The growth of the small satellite market and launch opportunities for these satellites is creating a new niche for earth
observations that contrasts with the long mission durations, high costs, and long development times associated with
traditional space-based earth observations. Low-cost, short-lived missions made possible by this new approach provide
an experimental platform for testing new sensor technologies that may transition to larger, more long-lived platforms.
The low costs and short lifetimes also increase acceptable risk to sensors, enabling large decreases in cost using
commercial off-the-shelf (COTS) parts and allowing early-career scientists and engineers to gain experience with these
projects. We are building a low-cost long-wave infrared spectral sensor, funded by the NASA Experimental Project to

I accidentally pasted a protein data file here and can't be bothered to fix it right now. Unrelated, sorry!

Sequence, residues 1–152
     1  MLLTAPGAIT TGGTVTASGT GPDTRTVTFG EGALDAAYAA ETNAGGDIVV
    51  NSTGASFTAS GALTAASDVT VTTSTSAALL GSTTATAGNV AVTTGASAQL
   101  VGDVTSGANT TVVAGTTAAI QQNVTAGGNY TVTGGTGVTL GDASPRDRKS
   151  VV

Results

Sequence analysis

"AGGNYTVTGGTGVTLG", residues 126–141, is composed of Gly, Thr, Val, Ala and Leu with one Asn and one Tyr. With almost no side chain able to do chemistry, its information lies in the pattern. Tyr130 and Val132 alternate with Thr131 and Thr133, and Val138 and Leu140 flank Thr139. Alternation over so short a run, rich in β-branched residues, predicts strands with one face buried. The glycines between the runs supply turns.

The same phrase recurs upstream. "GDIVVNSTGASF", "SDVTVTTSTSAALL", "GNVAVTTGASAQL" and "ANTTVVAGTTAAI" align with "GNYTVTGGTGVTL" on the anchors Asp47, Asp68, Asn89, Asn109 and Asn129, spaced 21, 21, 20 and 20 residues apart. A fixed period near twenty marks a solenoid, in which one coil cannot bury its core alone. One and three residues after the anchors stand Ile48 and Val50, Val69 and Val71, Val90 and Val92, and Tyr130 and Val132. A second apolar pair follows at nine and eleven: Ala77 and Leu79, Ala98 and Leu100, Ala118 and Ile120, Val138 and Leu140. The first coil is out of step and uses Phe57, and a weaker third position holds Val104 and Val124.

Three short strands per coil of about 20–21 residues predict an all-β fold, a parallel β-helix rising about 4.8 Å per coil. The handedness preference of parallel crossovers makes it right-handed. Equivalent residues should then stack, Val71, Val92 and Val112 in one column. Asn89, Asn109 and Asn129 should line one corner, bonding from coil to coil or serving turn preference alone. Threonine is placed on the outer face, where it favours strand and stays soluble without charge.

Stimulate Competitive Research program (EPSCoR), to demonstrate ways in which a university's scientific and
instrument development programs can fit into this niche. The sensor is a low-mass, power-efficient thermal hyperspectral
imager with electronics contained in a pressure vessel to enable use of COTS electronics and will be compatible with
small satellite platforms. The sensor, called Thermal Hyperspectral Imager (THI), is based on a Sagnac interferometer
and uses an uncooled 320x256 microbolometer array. The sensor will collect calibrated radiance data at long-wave
infrared (LWIR, 8-14 microns) wavelengths in 230 meter pixels with 20 wavenumber spectral resolution from a 400 km
orbit. We are currently in the laboratory and airborne testing stage in order to demonstrate the spectro-radiometric
quality of data that the instrument provides.